The following is a restatement of some of the questions that have been shared on the 'New Instrument’ thread:
We need insight to dissolve our conditioning, our suffering; but insight/intelligence/perception can only act through the brain when the brain is quiet and is no longer self-centred (quietness and non-self-centredness being synonymous here).
And yet, unless we already have insight, we begin with a self-centred, conditioned brain. Therefore we begin with ‘ordinary’ moment by moment observation of ourselves in relationship; the simple awareness of one’s ‘what is’ - one’s conditioning, one’s self-centredness - as this displays itself in daily life.
This kind of observation is not insight or complete perception (or total attention which wipes out the ‘I’) - but just ‘ordinary’ awareness, ‘ordinary’ observation, of which everyone is capable.
What is the relationship between this ‘ordinary’ observation/awareness and insight?
Insight is not made of thought; and neither is awareness/observation made of thought. So at this level they seem to be the same - which suggests that ‘ordinary’ observation/awareness is already insight (of a kind), the seed of insight. One recalls that K said that freedom is the first and last step.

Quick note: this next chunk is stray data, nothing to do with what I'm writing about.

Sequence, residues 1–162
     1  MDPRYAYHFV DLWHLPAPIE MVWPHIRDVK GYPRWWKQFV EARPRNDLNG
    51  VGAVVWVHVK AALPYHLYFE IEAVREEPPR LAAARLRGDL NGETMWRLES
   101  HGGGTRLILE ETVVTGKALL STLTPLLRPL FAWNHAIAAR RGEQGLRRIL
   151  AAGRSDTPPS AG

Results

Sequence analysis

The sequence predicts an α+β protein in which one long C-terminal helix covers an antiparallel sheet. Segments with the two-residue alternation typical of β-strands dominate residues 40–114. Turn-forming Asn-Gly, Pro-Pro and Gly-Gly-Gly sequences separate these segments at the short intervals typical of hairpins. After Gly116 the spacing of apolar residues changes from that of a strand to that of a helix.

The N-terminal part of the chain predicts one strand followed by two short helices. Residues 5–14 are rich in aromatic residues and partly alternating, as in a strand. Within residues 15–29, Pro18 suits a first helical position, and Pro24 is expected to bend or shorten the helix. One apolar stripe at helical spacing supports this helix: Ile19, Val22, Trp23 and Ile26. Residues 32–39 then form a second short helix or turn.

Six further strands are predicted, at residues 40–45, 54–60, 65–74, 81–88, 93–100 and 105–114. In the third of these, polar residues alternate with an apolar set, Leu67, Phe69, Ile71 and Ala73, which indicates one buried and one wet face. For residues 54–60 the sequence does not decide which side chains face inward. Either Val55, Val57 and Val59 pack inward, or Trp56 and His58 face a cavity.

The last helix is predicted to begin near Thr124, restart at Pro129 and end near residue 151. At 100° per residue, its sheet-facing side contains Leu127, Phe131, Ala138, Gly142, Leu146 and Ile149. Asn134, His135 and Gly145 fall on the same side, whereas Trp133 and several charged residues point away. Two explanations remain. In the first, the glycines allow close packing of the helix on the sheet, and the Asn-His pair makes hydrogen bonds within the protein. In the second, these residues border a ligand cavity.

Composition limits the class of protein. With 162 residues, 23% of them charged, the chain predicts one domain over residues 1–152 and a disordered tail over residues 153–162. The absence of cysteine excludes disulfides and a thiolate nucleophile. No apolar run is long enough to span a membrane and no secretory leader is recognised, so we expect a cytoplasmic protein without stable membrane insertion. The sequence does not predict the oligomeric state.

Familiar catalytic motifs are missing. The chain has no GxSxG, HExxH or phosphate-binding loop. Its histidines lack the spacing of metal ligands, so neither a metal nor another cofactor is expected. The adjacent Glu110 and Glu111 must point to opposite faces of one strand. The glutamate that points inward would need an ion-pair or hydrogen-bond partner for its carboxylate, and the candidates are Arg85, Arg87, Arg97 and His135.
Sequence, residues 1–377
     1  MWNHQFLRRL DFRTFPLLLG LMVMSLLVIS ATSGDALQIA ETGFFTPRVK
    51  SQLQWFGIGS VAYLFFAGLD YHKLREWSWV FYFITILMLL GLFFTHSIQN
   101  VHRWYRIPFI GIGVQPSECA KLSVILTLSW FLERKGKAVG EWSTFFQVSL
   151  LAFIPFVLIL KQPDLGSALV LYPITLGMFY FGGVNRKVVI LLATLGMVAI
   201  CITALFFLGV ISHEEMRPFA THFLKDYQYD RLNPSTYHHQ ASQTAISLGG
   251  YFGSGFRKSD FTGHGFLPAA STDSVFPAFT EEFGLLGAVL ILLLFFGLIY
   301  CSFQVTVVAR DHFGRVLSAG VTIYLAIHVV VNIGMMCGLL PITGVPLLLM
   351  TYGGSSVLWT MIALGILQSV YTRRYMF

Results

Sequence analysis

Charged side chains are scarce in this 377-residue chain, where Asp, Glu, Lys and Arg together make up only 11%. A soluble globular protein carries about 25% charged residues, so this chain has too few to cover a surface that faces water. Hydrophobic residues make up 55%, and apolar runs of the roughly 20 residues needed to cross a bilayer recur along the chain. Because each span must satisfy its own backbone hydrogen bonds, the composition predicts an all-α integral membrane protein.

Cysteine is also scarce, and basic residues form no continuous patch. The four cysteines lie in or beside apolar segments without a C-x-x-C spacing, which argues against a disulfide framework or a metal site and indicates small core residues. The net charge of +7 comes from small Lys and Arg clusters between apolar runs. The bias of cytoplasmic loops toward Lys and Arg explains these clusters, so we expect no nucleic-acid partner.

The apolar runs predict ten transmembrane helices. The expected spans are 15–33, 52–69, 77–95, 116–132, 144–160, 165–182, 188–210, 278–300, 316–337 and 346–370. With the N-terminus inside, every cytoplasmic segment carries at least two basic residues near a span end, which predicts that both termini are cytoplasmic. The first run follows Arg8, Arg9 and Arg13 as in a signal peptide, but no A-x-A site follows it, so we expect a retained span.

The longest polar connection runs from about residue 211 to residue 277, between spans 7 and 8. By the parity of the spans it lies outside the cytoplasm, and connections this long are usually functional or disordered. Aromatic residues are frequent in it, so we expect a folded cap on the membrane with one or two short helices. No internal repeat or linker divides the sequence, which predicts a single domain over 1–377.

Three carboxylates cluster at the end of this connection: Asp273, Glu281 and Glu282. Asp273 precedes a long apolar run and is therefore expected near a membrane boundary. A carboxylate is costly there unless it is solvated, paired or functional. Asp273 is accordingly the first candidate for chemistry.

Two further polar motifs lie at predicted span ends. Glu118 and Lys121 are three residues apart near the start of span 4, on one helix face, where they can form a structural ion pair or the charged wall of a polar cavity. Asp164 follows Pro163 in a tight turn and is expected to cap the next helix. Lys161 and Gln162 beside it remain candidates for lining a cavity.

And yet insight is supposed to completely wipe out the conditioning created by thought - which does not happen in ‘ordinary’ observation/awareness. So there is a fundamental difference.
How then does the starting point of an inner inquiry (‘freedom at the beginning’: ordinary observation/awareness) relate to the fruition or flowering of the inquiry (‘freedom at the end’: insight)?
If the ‘freedom at the beginning’ involves a temporal succession of gradual (and partial) psychic improvements, then it is a limited process of cause and effect. In which case the ‘freedom at the end’ (insight) - being free from cause and effect, and being complete - must be unrelated to the ‘freedom at the beginning’ (observation/awareness).
Insight is supposed to be sudden, not gradual. Insight is not ‘caused’ by any intention to be free. Insight is total perception of the whole (psychic) situation, not a partial uncovering.
A path, on the other hand, is gradual, it involves conscious intentions and motives (i.e. ‘wanting to be free’), and it is always partial. So how does something gradual and partial ever become sudden and complete?
K sometimes told the Chan story about the student who was chastised by his teacher for thinking that by constantly ‘practising’ awareness he could find illumination: the teacher began rubbing two rocks together, saying that he was attempting to create a mirror.
So is ‘ordinary’ observation/awareness a gradual, partial process? If it isn’t, then it must be insight.
But we need ‘ordinary’ observation/awareness: without it how can there ever be sufficient space and quiet in the brain for insight to take place?